Does Barber see the world as coming together or falling apart? In examining the implications of Barber's arguments, which view is more convincing?

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In his book Jihad vs. McWorld, Barber's use of "Jihad" and "McWorld" tends to sensationalize the two forces he sees as operating in the world from his early 1990s perspective. He uses "Jihad" to connote tribalism and "McWorld" to refer to the free operation of the market. Tribalism, by...

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In his book Jihad vs. McWorld, Barber's use of "Jihad" and "McWorld" tends to sensationalize the two forces he sees as operating in the world from his early 1990s perspective. He uses "Jihad" to connote tribalism and "McWorld" to refer to the free operation of the market. Tribalism, by looking at the world through the narrow lens of a particular culture or religion, resists globalization. Meanwhile, the free operation of the market, while harmonious with globalization, creates inequalities and fails to achieve democracy, and is thus imperfect.

For Barber, tribalism is clearly more pernicious than McWorld, because he sees globalization as a necessity. He underlines this necessity and even the inevitability of globalization by highlighting four imperatives: the market imperative, the information-technology imperative, the resource imperative, and the ecological imperative. So, while both the future of "Jihad" and "McWorld" are both bleak, the latter at least contributes to globalization; tribalism is diametrically opposed to it.

Barber offers a third path: confederalism and interdependency. Unfortunately, in this particular article, he provides only a brief and fairly abstract vision of this brighter future. He proposes that nation states be replaced by smaller political entities belonging to regional economic associations. In recent years, until his death in 2017, he continued to flesh out this vision of the future. See the second and third link below.

To answer the initial question, Barber is more concerned about what should and should not happen in the future rather than describing what is happening or predicting what will happen.

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Barber's work sees the world as needing to find a different answer than the one posed by the paradigms of Jihad and McWorld.  Barber sees the relentless homogeneity of the latter and the fierce Balkanization offered in the former justifies all concerned citizens to seek another path.  For Barber, he sees the world as simultaneously coming together and falling apart.  The "stiff winds" of Jihad blow with the same force as the "inevitability of McWorld."  Barber sees the world as being poised between both paradigms and having to accept the responsibility for finding a new path or an alternative direction.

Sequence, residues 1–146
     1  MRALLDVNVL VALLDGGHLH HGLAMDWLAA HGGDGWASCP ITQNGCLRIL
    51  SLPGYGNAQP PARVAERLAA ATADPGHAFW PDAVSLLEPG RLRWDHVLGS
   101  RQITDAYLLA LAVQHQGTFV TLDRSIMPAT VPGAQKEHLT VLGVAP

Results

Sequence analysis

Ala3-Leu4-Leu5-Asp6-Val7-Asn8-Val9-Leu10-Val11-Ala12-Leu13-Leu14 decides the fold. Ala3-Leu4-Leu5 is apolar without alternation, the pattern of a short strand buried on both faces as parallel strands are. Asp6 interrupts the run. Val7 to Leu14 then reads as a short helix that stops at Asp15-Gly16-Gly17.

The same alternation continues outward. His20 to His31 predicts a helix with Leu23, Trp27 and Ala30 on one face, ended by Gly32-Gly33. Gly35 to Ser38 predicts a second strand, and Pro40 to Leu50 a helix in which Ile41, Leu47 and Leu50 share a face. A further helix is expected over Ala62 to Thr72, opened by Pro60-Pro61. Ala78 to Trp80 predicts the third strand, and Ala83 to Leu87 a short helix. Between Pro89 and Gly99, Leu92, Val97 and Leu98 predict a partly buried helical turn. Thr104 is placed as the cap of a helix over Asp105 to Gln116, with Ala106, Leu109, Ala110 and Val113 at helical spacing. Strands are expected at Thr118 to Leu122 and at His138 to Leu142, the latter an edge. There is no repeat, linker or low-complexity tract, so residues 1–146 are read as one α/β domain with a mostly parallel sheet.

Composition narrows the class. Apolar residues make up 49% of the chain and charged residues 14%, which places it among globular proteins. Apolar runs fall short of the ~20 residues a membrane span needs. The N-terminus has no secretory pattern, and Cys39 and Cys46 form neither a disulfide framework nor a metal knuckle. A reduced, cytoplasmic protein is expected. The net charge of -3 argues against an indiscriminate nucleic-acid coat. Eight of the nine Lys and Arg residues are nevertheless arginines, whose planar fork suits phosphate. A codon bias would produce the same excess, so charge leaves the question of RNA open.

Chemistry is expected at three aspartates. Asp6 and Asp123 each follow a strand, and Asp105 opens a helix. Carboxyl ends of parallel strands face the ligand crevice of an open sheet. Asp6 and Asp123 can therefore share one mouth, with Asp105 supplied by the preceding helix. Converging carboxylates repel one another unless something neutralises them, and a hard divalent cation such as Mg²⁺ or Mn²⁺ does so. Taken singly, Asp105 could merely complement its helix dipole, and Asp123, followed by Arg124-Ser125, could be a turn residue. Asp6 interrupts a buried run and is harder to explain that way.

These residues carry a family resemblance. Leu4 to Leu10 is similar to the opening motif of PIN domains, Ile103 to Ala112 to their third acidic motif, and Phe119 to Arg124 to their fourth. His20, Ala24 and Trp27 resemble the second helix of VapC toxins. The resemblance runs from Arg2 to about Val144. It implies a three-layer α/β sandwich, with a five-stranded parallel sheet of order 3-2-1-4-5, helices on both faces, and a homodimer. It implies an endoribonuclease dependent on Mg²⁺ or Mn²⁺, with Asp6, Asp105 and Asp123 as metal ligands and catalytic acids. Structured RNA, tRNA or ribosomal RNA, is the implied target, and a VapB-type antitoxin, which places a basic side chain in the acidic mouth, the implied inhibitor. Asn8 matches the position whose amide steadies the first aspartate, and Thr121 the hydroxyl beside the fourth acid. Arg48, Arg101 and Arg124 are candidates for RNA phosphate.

In terms of convincing, it is difficult to assess the full force of Barber's arguments in a post- September 11 world.  The attacks of September 11 and those that have followed in different parts of the world have done much to generate a large level of repulsion towards Jihad.  Perhaps, this means that McWorld has "won" to a great extent.  Yet, the Balkanization of ideology that Barber suggests is intrinsic to Jihad has lost much in way of steam.  A large contingent of the world rejects Al Qaeda and the Taliban.  While there are still strongholds of both elements present, the reality is that most of the world has come over to the Globalization side, one in which social media and technological advancement have become essential.  McWorld has become replaced with Twitter and Facebook, and in the process, one has seen a decline in Jihad.  Barber's work in the mid 1990s can be revisited in a variety of ways after the Attacks of September 11 and the "global war on terror."  As a result, one can argue that globalization and the promise of economic wealth have done much to move the world closer together in embracing similar ideologies. 

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